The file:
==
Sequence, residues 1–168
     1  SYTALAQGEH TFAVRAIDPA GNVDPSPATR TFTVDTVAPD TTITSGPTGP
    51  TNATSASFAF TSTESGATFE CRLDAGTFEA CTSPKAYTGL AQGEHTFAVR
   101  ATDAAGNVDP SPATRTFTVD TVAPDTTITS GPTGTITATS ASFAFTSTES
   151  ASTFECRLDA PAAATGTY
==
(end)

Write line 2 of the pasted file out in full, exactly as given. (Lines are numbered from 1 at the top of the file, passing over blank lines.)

     1  SYTALAQGEH TFAVRAIDPA GNVDPSPATR TFTVDTVAPD TTITSGPTGP